On Tue, Feb 12, 2013 Telmo Menezes <te...@telmomenezes.com> wrote:
> So far, nobody has been able to figure out a learning algorithm as
> generic as the one our brains contains.
The developers of Watson have come very close to doing exactly that.
> > there is definitely room for generalists.
Then why don't family doctors recommend that their patient see a
generalists when they run into a particular problem they can't handle?
> Einstein might have been a great scientist in any field.
Perhaps Einstein could have been great in ANY field, but he most certainly
could not have been great in EVERY field.
> Watson and Deep Blue cannot change their minds.
The great thing about computers is that every time they run a new program
they quite literally CHANGE THEIR MINDS.
> >> Deep Blue beat the world human chess champion and it required a
>> supercomputer to do so, but that was 16 years ago and Moore's law marches
> > Sort of.
There is no "sort of" about it, Moore's law marches on. In 1994 I bought
one of the most powerful PC's in the world, it had a one core
microprocessor running at 5 *10^7 cycles per second with 8*10^6 bytes of
solid state memory and a 2*10^8 byte hard drive and cost me $4000 in
expensive 1994 dollars; Today I am using a 4 core microprocessor running at
3.4 *10^9 cycles per second with 1.6 *10^10 bytes of solid state memory and
a 2*10^12 byte hard drive and it cost me $2000 in in much cheaper 2012
> Now it's progressing due to multi-core architectures, which one could
> consider cheating
If I grew up on a farm and was retarded I might consider that cheating too,
but I didn't and I'm not so I don't.
> because algorithm parallelisation is frequently non-trivial.
Few things worth doing are trivial, but fortunately for us most physical
processes are inherently parallel as are most algorithms that are of
interest such as video and audio processing, playing chess, making quantum
mechanical calculations, understanding speech, language translation,
weather forecasting, car driving, Higgs particle hunting, and the sort of
thinking Watson did on Jeopardy.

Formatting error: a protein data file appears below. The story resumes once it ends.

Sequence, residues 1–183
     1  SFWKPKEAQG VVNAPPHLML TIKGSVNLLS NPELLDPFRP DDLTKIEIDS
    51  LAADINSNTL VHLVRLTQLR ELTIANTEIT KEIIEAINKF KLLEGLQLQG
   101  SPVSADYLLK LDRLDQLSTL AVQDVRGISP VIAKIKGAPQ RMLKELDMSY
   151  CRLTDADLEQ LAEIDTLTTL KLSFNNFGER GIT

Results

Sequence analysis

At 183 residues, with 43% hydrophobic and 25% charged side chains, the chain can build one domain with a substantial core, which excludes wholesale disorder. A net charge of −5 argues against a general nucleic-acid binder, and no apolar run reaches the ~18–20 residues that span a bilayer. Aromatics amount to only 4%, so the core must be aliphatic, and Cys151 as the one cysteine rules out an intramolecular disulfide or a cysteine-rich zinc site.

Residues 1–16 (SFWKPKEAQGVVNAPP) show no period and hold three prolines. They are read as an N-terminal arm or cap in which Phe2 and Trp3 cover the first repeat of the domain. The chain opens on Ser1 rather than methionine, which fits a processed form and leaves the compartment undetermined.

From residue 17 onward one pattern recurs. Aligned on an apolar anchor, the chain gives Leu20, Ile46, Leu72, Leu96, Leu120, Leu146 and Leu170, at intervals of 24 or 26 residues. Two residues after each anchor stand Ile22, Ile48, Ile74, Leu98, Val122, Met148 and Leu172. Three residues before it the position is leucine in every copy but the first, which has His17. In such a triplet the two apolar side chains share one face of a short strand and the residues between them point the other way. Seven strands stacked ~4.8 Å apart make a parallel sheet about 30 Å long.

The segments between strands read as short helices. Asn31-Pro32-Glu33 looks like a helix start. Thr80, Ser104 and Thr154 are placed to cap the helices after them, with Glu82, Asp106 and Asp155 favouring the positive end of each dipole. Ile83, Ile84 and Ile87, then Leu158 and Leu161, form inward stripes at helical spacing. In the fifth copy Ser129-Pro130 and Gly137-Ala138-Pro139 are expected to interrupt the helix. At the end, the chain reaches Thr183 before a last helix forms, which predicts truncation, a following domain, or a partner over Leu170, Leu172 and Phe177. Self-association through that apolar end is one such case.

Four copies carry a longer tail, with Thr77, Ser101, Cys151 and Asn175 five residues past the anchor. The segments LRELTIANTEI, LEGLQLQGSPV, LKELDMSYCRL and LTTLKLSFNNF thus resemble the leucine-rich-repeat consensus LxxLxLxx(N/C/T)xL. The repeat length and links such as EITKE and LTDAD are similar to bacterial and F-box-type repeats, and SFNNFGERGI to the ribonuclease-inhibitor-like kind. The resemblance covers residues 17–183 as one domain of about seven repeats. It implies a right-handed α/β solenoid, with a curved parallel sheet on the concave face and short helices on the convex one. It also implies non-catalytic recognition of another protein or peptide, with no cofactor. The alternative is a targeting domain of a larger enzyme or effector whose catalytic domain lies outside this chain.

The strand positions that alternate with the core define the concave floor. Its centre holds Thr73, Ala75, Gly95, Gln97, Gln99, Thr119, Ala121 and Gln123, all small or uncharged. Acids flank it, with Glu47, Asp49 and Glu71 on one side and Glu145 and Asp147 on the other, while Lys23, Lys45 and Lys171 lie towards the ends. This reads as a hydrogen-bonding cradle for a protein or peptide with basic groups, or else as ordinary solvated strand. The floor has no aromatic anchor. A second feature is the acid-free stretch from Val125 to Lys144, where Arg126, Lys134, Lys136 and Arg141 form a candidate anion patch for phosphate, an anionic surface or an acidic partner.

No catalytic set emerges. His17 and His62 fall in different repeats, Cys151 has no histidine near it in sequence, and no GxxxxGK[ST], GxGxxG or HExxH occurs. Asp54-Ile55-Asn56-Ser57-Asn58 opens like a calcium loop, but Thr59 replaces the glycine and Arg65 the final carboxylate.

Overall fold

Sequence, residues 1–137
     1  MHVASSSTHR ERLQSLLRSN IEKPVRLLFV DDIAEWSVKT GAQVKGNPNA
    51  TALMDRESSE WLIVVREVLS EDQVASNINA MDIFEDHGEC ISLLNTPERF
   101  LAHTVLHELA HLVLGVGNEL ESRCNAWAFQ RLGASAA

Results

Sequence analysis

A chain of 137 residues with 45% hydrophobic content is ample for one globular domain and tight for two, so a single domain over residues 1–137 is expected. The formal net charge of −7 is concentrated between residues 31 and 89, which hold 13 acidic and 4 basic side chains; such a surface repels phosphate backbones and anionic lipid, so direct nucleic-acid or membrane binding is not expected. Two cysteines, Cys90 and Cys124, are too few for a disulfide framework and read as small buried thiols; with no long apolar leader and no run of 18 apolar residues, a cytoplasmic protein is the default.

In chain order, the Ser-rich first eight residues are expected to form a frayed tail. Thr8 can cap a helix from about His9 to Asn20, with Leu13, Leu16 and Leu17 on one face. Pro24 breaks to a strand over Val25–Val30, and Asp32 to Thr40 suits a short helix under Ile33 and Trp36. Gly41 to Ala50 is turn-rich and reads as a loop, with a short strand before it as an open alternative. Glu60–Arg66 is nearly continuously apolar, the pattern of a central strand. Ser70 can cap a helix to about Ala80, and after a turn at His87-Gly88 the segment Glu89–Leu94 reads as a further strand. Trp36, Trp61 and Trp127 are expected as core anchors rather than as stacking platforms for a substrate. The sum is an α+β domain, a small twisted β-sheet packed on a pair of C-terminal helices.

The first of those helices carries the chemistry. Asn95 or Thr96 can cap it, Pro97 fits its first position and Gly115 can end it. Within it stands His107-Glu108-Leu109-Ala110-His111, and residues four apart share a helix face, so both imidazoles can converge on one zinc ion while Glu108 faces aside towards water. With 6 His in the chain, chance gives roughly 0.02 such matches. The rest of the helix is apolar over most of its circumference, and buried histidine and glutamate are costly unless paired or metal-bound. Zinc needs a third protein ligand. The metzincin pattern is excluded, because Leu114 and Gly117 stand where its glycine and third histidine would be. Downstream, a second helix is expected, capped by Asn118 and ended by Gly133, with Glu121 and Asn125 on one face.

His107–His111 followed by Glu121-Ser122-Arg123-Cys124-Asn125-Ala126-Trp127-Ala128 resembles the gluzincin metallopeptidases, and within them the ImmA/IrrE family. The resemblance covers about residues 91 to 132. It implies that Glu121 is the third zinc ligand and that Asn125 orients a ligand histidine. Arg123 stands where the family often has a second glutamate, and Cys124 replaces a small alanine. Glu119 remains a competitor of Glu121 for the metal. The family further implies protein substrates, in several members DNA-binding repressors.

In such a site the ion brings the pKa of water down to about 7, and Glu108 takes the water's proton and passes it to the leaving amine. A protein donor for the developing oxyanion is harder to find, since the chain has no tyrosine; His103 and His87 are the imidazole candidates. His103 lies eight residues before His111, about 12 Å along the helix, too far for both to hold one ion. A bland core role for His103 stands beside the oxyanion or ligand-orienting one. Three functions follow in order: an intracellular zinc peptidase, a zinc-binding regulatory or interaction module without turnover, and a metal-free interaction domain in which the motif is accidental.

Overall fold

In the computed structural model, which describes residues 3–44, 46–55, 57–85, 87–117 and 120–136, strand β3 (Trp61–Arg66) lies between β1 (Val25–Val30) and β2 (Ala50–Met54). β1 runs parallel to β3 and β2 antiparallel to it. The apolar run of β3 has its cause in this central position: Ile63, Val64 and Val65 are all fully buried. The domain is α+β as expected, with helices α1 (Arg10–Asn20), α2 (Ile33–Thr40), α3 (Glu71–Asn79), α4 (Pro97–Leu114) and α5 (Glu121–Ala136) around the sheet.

> >I believe you're underestimating the complexity of a good chess program
A chess program good enough to beat the best human player could be run on
very primitive 1997 hardware, therefore I am not underestimating the
complexity of a good chess program. QED.
> can Watson, for example, introspect on the chess game and update his view
> of the world accordingly? Can he read a new text and figure out how to play
Yes, Watson can and does learn from his mistakes
> could you ask Watson to go and learn by himself?
Yes, Watson spent many many hours organizing the vast amount of information
it contained and figuring out what it did wrong when it provided incorrect
answers in the past and trying new ways to improve performance. As a result
even the programers of Watson had no way of knowing what that machine would
do next; when Watson was asked a question they had to just watch and wait
to see what sort of response he would give just like everybody else. The
only way to know what Watson would do is to just watch him and see.
>> If a person did half of what Watson did you would not hesitate for one
>> second in calling him intelligent, but Watson is made of silicon not carbon
>> so you don't.
> Nor for another second in considering him/her profoundly autistic.
Gregory Perelman is a mathematical genius who made the most important
advance in pure mathematics in the last 10 years, Perelman is also
autistic. Perelman is certainly not a genius about every aspect of human
endeavor, he recently turned down a $1,000,000 prize for proving the
Poincare Conjecture even though he's almost homeless. Perelman has his
faults but would you really want to say he is not intelligent?
Another example is Richard Borcherds, he is also a mathematician and he won
the Field's Medal, in prestige it is the mathematical equivalent to the
Nobel Prize. Borcherds admits that he has been officially diagnosed with
having Asperger's syndrome, a condition closely related to autism.
John K Clark
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